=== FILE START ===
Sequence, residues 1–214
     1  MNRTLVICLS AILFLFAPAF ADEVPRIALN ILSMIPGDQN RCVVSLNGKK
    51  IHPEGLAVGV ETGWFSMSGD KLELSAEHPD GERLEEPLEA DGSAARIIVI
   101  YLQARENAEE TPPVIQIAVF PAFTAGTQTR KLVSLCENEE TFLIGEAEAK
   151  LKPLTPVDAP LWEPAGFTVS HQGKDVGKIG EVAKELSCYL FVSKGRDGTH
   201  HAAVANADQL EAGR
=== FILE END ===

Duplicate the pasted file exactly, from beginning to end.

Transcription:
Sequence, residues 1–214
     1  MNRTLVICLS AILFLFAPAF ADEVPRIALN ILSMIPGDQN RCVVSLNGKK
    51  IHPEGLAVGV ETGWFSMSGD KLELSAEHPD GERLEEPLEA DGSAARIIVI
   101  YLQARENAEE TPPVIQIAVF PAFTAGTQTR KLVSLCENEE TFLIGEAEAK
   151  LKPLTPVDAP LWEPAGFTVS HQGKDVGKIG EVAKELSCYL FVSKGRDGTH
   201  HAAVANADQL EAGR